Prior to the road trip, Winnipeg’s power play had scored eight times in 19 attempts.

The Jets have also been largely healthy. Defenseman Toby Enstrom is the midst of an eight-week spell in the press box — and there’s a pending diagnosis coming for Dustin Byfuglien after he left Saturday’s game in Tampa Bay with a lower-body injury — but the Jets gotten by relatively unscathed thus far and managed well when Mathieu Perreault and Adam Lowry missed several games.

The Jets have made too many strides this season to regress too far away from where they are right now. Asking a team to go from outside the playoff line to tops in the division might be asking a tad too much. But with that said, the Jets are simply a good team these days and stacked with high-level talent.


Scott Billeck is a writer for Pro Hockey Talk on NBC Sports. Drop him a line at phtblog@nbcsports.com or follow him on Twitter @scottbilleck

Calgary Hitmen fans make 24K stuffed animals fly during Teddy Bear Toss (Video)

Hitmen / YouTube
2 Comments

Congratulations, Vladislav Yeryomenko, you were this year’s Teddy Bear Toss goal scorer for the Western Hockey League’s Calgary Hitmen.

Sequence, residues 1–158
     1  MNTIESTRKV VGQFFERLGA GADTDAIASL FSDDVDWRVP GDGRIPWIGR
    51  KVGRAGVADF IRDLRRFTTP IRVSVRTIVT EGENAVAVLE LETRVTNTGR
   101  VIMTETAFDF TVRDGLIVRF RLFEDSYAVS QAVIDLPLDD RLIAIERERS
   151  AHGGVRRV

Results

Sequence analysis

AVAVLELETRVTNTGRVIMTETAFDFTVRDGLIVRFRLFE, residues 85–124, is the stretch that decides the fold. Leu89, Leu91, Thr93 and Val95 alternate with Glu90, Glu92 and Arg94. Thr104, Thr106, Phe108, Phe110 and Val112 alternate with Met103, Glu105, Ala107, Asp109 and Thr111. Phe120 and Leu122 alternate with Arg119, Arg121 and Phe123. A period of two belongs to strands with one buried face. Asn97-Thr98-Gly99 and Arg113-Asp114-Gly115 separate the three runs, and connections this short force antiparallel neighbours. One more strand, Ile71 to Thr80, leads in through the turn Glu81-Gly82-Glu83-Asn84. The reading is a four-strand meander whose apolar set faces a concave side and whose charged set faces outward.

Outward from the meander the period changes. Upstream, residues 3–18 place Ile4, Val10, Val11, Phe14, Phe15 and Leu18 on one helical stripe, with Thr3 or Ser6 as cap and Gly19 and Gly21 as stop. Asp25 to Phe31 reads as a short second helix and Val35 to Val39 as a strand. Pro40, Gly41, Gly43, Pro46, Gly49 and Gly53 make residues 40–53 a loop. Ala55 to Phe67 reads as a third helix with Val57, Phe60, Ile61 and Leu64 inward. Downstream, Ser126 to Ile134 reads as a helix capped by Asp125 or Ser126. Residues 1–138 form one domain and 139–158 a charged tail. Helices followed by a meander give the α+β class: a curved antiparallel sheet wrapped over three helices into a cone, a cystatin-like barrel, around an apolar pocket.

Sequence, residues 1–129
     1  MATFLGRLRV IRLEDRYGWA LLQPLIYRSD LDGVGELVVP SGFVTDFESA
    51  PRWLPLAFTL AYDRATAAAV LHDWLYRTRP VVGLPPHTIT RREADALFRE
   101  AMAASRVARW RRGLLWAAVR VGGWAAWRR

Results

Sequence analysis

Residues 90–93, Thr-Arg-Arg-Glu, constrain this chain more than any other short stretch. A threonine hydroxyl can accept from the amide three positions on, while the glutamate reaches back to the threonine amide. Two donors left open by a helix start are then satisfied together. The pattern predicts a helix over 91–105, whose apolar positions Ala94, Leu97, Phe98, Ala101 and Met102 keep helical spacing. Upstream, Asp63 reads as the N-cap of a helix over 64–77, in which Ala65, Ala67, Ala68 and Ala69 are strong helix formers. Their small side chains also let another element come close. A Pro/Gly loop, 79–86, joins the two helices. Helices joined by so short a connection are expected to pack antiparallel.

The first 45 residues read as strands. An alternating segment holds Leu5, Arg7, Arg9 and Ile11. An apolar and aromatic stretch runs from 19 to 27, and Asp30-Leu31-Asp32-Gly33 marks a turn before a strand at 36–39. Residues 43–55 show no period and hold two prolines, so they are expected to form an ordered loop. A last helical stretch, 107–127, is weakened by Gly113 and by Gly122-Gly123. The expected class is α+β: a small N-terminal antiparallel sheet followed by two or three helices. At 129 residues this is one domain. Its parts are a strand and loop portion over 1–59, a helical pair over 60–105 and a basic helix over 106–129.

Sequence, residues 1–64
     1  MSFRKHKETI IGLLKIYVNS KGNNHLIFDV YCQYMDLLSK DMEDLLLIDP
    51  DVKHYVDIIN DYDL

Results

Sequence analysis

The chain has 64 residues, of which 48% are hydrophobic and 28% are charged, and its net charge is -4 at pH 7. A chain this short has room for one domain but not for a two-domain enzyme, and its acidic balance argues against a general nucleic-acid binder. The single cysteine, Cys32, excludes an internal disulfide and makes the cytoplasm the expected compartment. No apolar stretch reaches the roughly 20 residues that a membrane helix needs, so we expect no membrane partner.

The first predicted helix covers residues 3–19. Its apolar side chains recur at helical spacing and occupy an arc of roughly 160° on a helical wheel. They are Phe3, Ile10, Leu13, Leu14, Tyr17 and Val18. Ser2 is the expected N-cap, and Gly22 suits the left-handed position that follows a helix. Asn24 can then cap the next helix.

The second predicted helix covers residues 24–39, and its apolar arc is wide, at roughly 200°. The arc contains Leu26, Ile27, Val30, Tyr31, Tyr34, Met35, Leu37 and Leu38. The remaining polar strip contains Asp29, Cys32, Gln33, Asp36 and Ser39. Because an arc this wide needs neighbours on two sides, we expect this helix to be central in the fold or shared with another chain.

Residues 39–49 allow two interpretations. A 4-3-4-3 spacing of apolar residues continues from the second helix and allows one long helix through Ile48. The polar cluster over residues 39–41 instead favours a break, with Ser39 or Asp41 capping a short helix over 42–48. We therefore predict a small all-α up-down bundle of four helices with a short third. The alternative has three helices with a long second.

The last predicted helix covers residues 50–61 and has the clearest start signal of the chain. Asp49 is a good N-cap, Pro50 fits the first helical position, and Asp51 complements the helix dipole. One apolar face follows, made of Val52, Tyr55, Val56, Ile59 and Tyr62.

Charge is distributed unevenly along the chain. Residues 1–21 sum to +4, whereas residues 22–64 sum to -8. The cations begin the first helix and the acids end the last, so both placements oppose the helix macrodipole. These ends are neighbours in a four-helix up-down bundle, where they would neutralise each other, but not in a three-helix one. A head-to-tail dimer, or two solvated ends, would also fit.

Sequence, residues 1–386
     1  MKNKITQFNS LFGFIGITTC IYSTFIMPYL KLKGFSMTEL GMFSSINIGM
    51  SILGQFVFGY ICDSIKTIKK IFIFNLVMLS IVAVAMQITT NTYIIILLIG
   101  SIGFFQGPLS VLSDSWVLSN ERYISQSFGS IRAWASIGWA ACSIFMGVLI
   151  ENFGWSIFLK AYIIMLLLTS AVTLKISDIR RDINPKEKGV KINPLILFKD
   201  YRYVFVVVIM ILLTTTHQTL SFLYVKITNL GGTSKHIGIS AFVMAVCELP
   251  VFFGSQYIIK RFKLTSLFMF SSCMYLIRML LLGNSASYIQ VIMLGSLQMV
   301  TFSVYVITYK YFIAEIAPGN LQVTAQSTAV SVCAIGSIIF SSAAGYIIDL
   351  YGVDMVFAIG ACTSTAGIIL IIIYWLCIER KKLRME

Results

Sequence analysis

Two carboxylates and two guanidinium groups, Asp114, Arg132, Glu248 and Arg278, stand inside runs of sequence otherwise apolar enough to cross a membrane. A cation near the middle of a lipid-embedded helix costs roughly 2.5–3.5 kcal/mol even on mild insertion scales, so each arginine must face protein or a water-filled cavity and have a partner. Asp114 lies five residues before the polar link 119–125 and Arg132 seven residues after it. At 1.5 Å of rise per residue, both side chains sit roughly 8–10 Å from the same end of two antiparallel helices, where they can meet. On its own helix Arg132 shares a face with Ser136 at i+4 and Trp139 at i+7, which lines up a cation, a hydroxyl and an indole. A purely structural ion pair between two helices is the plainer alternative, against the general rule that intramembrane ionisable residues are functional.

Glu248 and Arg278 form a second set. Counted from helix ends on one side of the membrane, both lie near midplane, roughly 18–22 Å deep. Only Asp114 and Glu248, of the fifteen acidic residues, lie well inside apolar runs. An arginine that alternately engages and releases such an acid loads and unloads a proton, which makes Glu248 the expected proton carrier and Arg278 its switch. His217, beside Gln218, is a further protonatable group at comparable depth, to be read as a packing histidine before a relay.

Yeryomenko’s goal at 9:36 of the first period during their game Sunday vs. the Moose Jaw Warriors was the sign for Hitmen fans to launch their teddy bears inside the Saddledome. Boy, it sure did rain plenty of fur.

Here’s what it looked like:

And here’s a fan’s eye view:

After a clean up delay of approximately 40 minutes , the game resumed but the Hitmen would fall to the Warriors 6-3. The counting, as you would imagine, took some time, but when they were finished it was announced that an astounding 24,605 stuffed animals were collected, which will go to 60 local charities.

“It’s an unforgettable moment,” Yeryomenko said via the Hitmen website. “It’s possible it can only happen once in your life and it happened to me. I enjoyed the moment of it all.”

There were 23,924 stuffed animals tossed during last year’s game, and the Hitmen hold the record of 28,815 bears, which was set in 2015.

The Hitmen have been holding this event since 1995 and are their fans are the true leaders in tossing those bears. Including this Sunday’s total, the team has collected 347,948 stuffed animals for local charities. Just last weekend the American Hockey League’s Hershey Bears held their Toss event and fans there set a team record with an impressive 25,017 stuffed animals hitting the ice.

This once again proves that the Teddy Bear Toss is the greatest promotion in all of sports.

————

Sean Leahy is a writer for Pro Hockey Talk on NBC Sports. Drop him a line at phtblog@nbcsports.com or follow him on Twitter @Sean_Leahy.